December 10, 2019

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How Do We Move to More Social Innovation?

Social innovation is not about philanthropic efforts; it is about the sustainable growth of your company.

Csreurope_enterprise2020

By Thomas Osburg, Director Europe Corporate Affairs, Intel & Board Director, CSR Europe and EABIS

If we trust Google as an indicator for quantitative relevance, the search term "Social Innovation" produces 388 million hits, while the term CSR results in 323 million hits.

Leading business schools like INSEAD and Stanford have established Centers for Social Innovation for many years now. But what is Social Innovation really?

Is it a new concept? Is it a new label for current CSR activities (CSR 3.0)? Why is it becoming a much stronger element of European companies' agenda? And how can it relate to Enterprise 2020? Despite the increased attention, the concept of social innovation remains steeped in questions and uncertainty.

There are countless definitions, for example, and they all differ substantially from each other. But that should not keep anyone awake at night, because social innovation is more of a mindset and strategic direction rather than a defined concept.

At the very core, social innovation holds the potential to transform economies, to fuel innovation and to improve the lives of people around the world.

Social Innovation at Intel: Three Ways to Look At It

At Intel, we have three different areas that we focus on: one is around social entrepreneurship where we focus on creating social enterprises. The second is developing technology solutions to tackle social challenges. And the third concerns partnering and creating an enabling ecosystem under which social innovation can flourish.

That last piece – partnering and creating an enabling environment for social innovation - is key for me because all companies within the Enterprise 2020 Initiative, regardless of size, country or industry, can support such an approach. Essentially, the main role for companies to support smart, sustainable and inclusive growth lies in enabling solutions within a large eco-system.

A lot of projects and initiatives are already happening and successfully put in place across Europe. In fact, more than we can count but while that is encouraging, we need to graduate adding project after project to solve a social problem to a real paradigm shift within existing business models.

Within a cross-sectorial partnership model (Private, Public, NGO), companies are in a key position to foster this change toward business models that create both economic and social impact. This is not about philanthropic efforts; it is about the sustainable growth of your company.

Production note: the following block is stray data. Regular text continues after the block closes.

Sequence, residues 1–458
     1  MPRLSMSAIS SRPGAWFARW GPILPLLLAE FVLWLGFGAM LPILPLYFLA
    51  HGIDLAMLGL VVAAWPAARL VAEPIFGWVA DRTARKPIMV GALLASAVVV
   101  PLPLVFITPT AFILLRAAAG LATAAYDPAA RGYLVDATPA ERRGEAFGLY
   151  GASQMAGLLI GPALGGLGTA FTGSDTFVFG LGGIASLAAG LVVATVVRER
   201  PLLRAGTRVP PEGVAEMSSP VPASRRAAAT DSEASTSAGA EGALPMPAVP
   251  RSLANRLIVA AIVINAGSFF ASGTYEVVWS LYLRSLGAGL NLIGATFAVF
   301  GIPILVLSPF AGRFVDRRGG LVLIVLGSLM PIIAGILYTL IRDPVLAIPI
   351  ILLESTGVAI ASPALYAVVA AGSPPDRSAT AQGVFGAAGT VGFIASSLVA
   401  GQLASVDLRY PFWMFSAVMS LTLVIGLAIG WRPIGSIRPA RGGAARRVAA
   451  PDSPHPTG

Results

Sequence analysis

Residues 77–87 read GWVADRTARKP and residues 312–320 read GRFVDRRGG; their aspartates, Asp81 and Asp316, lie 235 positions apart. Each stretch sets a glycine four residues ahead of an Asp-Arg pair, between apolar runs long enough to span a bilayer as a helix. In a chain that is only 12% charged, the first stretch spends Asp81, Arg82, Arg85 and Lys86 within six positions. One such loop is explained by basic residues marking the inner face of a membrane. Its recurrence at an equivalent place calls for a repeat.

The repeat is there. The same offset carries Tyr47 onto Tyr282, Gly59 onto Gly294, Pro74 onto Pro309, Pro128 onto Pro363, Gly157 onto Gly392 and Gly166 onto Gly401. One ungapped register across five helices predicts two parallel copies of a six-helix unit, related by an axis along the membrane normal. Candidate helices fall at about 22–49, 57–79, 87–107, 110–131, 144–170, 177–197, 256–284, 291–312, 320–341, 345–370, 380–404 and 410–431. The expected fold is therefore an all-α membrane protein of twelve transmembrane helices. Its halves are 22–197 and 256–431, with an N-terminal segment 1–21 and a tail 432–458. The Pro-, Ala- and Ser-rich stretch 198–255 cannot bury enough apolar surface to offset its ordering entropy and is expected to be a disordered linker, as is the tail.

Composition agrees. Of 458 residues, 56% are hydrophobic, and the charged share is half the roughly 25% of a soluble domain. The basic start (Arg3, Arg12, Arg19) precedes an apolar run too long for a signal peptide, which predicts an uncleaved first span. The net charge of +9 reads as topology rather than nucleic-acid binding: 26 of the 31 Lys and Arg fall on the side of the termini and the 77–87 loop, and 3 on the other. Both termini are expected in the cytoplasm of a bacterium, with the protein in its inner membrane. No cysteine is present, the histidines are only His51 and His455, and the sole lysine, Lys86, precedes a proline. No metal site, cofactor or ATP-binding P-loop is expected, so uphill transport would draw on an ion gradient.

Key Areas for Innovation

Areas like capacity building, education (from school curricula to engaging with leading thinkers in business schools) and responsible business behaviour, i.e., as highlighted in the SEA-Awards, are crucial areas waiting for our attention. Intel, for example, recently launched the EBS-Intel Summer School, which is integrated into a worldwide approach – instead of being a standalone event – with a number of other strategic initiatives that aim to foster business models that combine economic and social impact.

Intel's EBS Business School

Most companies are not social enterprises and most likely will not be anytime in the future.

The concept of CSR has moved on from voluntary contributions beyond the core business to an integral part of all business processes in recent years. If we were to truly think longer term, fostering and implementing social innovations with a clear impact for both the company and society, is the logical next step.

And maybe the ultimate proof of a company’s responsible business operations with value creation for all.

More from Enterprise 2020:

Only Age-Friendly Business Can Be the Business of the Future

The Sustainable City: Opening New Doors For Collaboration and Corporate Social Innovation!

Enterprise 2020: Don’t Stifle Your Corporate Social Entrepreneur

The opinions, beliefs and viewpoints expressed by CSRwire contributors do not necessarily reflect the opinions, beliefs and viewpoints of CSRwire.

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